A growing number of migrants are now living in Dhaka and Chittagong in precarious conditions. Many of the migrants’ dwellings are located in areas prone to various types of hazards including fire and environmental hazards. Their homes lacking ventilation, access to electricity, piped water and basic sanitation. These vulnerable conditions were witnessed  by the RRMRU team responsible for pilot testing the migrant survey questionnaire. For example, one of the respondents, who moved to Dhaka from Bhola, a southwestern coastal delta district of Bangladesh affected by severe erosion, lives with three other migrants in a shared room accessible only via a long and narrow corridor that is never sees day light. Every dwelling in the same structure is 30 sq. feet. Like him, many other migrants live in similar rooms that were built to serve as shops in two-storey markets. Because these rooms were built to accommodate shops it is natural that there would be no attached toilets and other spaces traditionally found in purpose-built houses. Because of affordable rents and close proximity to markets and other employment opportunities, migrants move in to these spaces for accommodation. Each month they pay BDT 3000 or US$35 as a rent for this room. Additionally, they must pay a fee for every use of common toilets. There are hundreds of thousands of migrants sharing similar stories in Dhaka and Chittagong.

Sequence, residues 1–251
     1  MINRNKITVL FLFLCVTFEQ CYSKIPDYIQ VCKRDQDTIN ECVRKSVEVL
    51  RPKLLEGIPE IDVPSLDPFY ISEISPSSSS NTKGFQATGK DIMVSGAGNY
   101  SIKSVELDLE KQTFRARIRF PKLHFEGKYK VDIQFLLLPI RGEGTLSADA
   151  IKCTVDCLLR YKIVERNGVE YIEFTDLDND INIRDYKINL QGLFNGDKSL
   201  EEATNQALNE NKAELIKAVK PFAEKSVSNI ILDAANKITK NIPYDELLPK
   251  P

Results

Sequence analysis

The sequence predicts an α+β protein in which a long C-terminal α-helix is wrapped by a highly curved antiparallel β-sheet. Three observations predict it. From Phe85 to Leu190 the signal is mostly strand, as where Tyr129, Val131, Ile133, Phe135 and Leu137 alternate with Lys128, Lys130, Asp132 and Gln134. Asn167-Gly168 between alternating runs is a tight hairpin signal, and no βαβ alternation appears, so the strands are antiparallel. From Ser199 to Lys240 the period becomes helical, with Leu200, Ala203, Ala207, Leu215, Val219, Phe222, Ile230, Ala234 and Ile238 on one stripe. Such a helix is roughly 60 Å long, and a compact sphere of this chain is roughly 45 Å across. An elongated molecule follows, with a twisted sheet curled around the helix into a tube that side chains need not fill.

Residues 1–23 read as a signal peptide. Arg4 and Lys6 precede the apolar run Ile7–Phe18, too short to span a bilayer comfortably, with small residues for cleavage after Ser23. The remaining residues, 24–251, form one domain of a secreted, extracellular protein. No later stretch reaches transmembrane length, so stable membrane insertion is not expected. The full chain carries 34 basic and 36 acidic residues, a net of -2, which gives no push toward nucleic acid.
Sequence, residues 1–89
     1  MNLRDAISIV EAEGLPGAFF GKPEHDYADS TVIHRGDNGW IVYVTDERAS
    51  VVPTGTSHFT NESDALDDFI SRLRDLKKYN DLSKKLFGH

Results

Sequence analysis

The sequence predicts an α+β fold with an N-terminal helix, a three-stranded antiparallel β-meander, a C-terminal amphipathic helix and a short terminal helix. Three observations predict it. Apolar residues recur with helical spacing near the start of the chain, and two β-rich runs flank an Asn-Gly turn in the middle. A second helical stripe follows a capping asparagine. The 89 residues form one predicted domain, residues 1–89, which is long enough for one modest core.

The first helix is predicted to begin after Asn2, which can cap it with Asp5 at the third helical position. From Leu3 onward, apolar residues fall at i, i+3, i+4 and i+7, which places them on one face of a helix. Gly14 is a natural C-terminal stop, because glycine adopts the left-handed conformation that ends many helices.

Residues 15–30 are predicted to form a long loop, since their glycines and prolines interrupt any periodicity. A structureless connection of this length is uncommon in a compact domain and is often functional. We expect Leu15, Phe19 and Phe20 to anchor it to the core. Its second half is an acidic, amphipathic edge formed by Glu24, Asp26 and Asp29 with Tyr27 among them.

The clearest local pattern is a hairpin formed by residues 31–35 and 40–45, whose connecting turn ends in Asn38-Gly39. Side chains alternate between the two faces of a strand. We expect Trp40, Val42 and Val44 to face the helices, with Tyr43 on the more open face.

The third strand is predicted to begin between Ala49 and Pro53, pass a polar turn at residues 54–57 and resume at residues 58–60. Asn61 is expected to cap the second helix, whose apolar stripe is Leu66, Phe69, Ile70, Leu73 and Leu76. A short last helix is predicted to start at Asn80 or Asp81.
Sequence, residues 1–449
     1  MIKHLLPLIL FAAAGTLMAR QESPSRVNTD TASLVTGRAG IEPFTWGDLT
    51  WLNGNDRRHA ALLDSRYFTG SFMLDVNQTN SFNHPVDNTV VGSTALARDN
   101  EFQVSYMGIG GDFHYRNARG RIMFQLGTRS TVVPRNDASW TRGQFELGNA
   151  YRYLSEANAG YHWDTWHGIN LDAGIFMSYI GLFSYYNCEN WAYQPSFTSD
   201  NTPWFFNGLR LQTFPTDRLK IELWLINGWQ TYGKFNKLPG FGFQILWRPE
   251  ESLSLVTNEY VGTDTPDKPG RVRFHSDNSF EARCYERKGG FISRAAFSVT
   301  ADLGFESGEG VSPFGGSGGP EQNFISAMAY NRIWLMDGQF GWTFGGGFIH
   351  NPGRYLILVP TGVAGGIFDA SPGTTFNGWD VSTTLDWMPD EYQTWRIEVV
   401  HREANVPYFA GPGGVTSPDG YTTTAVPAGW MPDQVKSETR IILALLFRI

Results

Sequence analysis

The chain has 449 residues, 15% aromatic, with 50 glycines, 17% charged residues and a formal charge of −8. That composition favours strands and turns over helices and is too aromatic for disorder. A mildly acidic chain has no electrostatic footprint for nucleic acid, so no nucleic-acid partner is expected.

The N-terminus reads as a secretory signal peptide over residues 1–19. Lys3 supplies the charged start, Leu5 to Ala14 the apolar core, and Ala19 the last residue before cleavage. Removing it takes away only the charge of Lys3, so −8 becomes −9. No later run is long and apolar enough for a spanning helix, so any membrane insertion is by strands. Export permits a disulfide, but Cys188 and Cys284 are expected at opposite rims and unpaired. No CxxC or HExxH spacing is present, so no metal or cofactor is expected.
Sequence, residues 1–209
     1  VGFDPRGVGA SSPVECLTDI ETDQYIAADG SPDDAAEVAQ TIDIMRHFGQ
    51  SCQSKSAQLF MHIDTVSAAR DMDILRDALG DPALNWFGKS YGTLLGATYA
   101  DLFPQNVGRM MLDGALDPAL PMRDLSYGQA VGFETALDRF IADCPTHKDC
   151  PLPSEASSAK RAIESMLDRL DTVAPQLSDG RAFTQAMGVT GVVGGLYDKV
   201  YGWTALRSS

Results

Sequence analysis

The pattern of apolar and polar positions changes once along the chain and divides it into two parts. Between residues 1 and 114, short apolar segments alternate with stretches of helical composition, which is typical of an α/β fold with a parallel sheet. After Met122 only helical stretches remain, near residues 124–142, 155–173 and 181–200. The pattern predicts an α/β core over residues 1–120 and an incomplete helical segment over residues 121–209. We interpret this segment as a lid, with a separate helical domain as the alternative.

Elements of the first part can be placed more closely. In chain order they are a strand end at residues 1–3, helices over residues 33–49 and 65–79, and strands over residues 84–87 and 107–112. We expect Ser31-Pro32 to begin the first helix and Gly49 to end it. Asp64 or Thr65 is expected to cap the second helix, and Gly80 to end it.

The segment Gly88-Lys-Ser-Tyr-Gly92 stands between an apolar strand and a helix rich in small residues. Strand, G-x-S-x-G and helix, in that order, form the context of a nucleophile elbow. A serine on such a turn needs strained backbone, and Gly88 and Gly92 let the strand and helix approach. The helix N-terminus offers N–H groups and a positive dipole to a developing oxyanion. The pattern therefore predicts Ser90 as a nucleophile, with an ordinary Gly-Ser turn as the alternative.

The respondent also shed light on employment conditions for migrants in large urban centres like Dhaka. For example, as a day labourer, every morning he attends a labour market hoping to be met by a prospective client that is looking to hiring workers. Competition is fierce among migrants and locals. If appointed, he will work between 10 to 12 hours and earn BDT 500 or the equivalent of US$ 6.00 per day. Often, in the workplace workers do not have access to basic amenities such as drinking water, resting place or access to toilets. However, if they work when in private residences or offices then they have access to facilities. On average, the respondent indicated that he can work between 15 – 20 days per month. The migrant reported a daily expenditure of BDT 200 (or US$ 2.40) between food and use of toilet and bath facilities. Whatever amount he can make over BDT 200 is set aside. When he is able to save around 6000 to 7000 BDT (US$ 70 or 80) he then travels to his home in Bhola to see his wife and his three children who are eagerly waiting for him and the money he brings home. Their survival depends on the money he earns in Dhaka.  After a week spent at home in the village, the respondent must repeat the same monthly journey – an unending cycle from his village to the city and back. Now in his early 50s the respondent revealed that he has been doing this for the last 40 years. He explains, ‘back home we don’t have many livelihood options, thousand acres of agricultural land have been eroded by the river. Now I can’t survive as a farmer and therefore I had to move’.